Wow! What a jam packed week I’ve had. From some new networking opportunities to International opportunities being offered, to loads and loads of training – many of them freebies being offered. It’s like someone turned the dial up and the pipeline is flowing.
I know it’s not supposed to be spring yet, but the weather is much warmer and I was in shorts and a t-shirt again the other day – be warned though, I have it on good authority that we are still in winter and there are going to be some chilly days ahead. My response to that – “I’ll enjoy the sunny and warm days as I get them!”
My friend and colleague Pete Carruthers has some news for us as well as a training offer – please see what’s happening with the PoPI Act below, just after my blog – it’s important so when you do that, remember that it’s quite a serious Act and it has some big scary teeth.
Before we continue, I would like to make my second public appeal here. It’s not for me, but for the poor animals that are still suffering and in some cases losing their lives due to starvation, after the devastation of the Knysna fires. My heart broke when I watched this clip (and really it will pull on your heartstrings, so have your tissues ready). www.facebook.com/edenbeneedin/videos/284765015331979/
the harsh reality of course is the loss of lives of the birds and the bees will greatly affect the ecosystem there and this then has a domino effect on the animals. Many of the residents there, despite their own devastating losses, have banded together to source and pay for food for these animals, but they cannot do it all themselves.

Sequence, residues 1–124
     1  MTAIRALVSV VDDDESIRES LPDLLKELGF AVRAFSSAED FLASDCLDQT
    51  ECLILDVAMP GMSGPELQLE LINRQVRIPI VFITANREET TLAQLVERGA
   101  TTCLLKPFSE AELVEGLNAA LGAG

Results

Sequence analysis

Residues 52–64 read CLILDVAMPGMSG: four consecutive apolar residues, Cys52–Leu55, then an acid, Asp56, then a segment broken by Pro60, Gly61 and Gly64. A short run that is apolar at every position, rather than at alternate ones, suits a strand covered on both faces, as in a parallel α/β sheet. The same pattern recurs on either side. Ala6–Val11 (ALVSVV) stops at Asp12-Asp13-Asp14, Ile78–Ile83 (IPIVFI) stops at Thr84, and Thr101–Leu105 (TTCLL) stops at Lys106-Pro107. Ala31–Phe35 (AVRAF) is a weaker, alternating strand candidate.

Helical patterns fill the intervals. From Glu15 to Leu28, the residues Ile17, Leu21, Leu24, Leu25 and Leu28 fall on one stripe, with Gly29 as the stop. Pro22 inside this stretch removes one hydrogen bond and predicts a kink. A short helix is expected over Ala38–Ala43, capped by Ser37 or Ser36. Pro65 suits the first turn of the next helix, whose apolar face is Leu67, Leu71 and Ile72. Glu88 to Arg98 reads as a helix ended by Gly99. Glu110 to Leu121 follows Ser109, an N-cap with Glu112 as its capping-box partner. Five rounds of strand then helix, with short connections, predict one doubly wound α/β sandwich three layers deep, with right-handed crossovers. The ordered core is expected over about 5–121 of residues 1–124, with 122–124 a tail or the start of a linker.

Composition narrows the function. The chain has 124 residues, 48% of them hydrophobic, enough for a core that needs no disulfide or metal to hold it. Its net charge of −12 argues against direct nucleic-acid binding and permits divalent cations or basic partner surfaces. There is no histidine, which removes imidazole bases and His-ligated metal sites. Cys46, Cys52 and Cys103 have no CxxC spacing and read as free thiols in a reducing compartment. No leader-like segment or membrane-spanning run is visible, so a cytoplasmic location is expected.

If you can help in any way, please contact Rozanne Fleet on her email address being firstname.lastname@example.org. I know she will be most grateful as will the animals in question.
I too, thank you with all of my heart. These animals are not responsible for what happened there and are as much victims as their human counterparts. Please, Please, Please help if you can.
Here’s the deal . . .
Please feel free to engage with me, or not. Please feel free to send me your own snippets of information, early warnings, appropriate funnies and what have you, to share with other like-minded individuals, entrepreneurs and start-ups.
I hope and trust that you will enjoy the journey with me.
This weeks’ Blog:
BUSINESS TIPS – Managing Your Business – Part 2
By Nikki Viljoen – Viljoen Consulting CC
Last week we had a look at some of the issues around Finance and today we continue with Margins.
As usual, let’s have a look at exactly what a “margin” is. The Wiki says :
“Profit margin, net margin, net profit margin or net profit ratio all refer to a measure of profitability. It is calculated by finding the net profit as a percentage of the revenue.
The profit margin is mostly used for internal comparison. It is difficult to accurately compare the net profit ratio for different entities. Individual businesses’ operating and financing arrangements vary so much that different entities are bound to have different levels of expenditure, so that comparison of one with another can have little meaning. A low profit margin indicates a low margin of safety: higher risk that a decline in sales will erase profits and result in a net loss.
Profit margin is an indicator of a company’s pricing strategies and how well it controls costs. Differences in competitive strategy and product mix cause the profit margin to vary among different companies.”